High Comorbidity Rates with Inclusion Body Myositis Save
Inclusion body myositis (IBM) patients tend to be older than those with idiopathic inflammatory myositis (IIM), but the scope of disease beyond their myositis is not appreciated. Now, a population-based, case-control study suggests both a lower overall survival and high comorbidity burden in IBM patients.
Using data from the Rochester Epidemiology Project patients with IBM were compared with other IIM, and age/sex-matched population-controls to examine comorbidities and survival.
The analysis included 50 IBM patients, 65 IIM-controls, and 294 controls.
The most common feature in IBM was dysphagia (64%). Although IBM had a high frequency of neuropathies, there was no increase in the frequency of neurodegenerative disorders (dementia/Parkinsonism) or solid cancers between groups. Oddly, rheumatoid arthritis was the most common rheumatic disease in all groups.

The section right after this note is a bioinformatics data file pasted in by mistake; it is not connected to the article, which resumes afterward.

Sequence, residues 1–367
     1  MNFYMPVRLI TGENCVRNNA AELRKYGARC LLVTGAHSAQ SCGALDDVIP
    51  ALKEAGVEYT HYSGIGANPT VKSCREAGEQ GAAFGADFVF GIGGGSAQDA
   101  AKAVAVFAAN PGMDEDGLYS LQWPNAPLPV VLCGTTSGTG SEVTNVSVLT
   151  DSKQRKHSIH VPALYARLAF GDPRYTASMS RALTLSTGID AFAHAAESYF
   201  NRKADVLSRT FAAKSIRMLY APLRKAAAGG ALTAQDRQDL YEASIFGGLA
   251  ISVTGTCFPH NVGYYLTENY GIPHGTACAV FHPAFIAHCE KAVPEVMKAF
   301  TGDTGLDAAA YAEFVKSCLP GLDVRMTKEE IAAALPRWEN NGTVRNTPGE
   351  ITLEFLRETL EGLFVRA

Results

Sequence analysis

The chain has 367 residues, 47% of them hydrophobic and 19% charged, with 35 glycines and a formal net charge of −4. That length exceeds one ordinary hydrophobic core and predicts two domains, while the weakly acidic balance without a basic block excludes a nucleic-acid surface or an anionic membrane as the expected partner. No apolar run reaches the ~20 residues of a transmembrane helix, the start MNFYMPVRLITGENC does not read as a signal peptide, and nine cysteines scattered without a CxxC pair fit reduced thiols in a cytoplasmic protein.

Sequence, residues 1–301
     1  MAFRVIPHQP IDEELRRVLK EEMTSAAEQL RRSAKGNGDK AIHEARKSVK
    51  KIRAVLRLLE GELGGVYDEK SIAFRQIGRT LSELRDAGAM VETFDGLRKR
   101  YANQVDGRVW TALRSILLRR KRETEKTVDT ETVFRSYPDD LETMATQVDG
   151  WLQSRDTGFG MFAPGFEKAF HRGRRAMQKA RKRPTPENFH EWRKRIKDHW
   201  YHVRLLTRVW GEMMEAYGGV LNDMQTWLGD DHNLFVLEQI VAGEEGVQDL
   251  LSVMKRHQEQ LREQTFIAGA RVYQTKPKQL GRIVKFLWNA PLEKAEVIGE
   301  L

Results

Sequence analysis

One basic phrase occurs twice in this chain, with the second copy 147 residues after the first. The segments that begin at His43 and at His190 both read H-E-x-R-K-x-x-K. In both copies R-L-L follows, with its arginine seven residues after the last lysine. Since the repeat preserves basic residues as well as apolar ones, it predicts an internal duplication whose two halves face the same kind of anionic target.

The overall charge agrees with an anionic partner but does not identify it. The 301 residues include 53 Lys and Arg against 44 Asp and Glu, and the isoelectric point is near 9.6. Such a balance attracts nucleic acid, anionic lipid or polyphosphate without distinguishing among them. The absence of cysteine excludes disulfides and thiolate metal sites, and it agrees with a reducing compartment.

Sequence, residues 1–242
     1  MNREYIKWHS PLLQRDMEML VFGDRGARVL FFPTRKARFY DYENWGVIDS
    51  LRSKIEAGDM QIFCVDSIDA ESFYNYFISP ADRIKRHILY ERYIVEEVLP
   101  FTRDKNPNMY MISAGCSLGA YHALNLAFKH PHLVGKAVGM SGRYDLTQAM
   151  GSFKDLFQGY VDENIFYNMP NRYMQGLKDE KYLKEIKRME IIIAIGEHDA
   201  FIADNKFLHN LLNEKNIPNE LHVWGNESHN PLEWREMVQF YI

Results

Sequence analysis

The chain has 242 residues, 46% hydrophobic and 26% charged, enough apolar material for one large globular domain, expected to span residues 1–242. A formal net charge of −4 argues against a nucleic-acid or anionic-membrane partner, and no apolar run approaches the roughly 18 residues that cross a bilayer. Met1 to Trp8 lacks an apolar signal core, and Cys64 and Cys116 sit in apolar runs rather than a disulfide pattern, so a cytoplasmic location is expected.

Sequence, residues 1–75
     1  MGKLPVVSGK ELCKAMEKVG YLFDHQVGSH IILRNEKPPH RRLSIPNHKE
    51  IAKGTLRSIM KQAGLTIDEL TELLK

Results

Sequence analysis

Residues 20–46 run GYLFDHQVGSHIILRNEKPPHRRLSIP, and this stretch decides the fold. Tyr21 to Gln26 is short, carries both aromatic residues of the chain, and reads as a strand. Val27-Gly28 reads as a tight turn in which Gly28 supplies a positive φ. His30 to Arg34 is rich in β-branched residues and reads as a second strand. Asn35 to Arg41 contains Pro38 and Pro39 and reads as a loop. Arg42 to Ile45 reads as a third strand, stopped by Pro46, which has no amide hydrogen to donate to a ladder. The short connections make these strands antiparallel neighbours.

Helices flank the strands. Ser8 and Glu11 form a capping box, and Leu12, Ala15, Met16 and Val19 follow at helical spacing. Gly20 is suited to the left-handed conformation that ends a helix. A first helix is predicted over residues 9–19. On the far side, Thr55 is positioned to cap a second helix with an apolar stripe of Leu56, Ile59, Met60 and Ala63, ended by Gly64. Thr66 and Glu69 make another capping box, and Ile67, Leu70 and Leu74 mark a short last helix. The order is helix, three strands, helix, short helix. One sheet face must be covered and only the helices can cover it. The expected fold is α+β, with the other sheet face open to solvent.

Frequent findings in IBM patients were peripheral neuropathy (35%), Sjögren’s syndrome (6%), and 10% had a hematologic malignancy; uniquely T-cell large granular lymphocytic leukemia was seen only in IBM patients. Thus IBM patients were 2.7-times more likely to have peripheral neuropathy, 6.2-times more likely to have Sjögren’s syndrome, and 3.9-times more likely to have a hematologic malignancy compared with population-controls.
Overall, mortality was increased in the IBM group, with a lower 10-year survival (36% IBM) when compared to IIM (67%) and population-controls (59%). The most common cause of death in IBM was respiratory failure or pneumonia (44%).
Close monitoring of IBM-related comorbidities nd complications is warranted based on these data.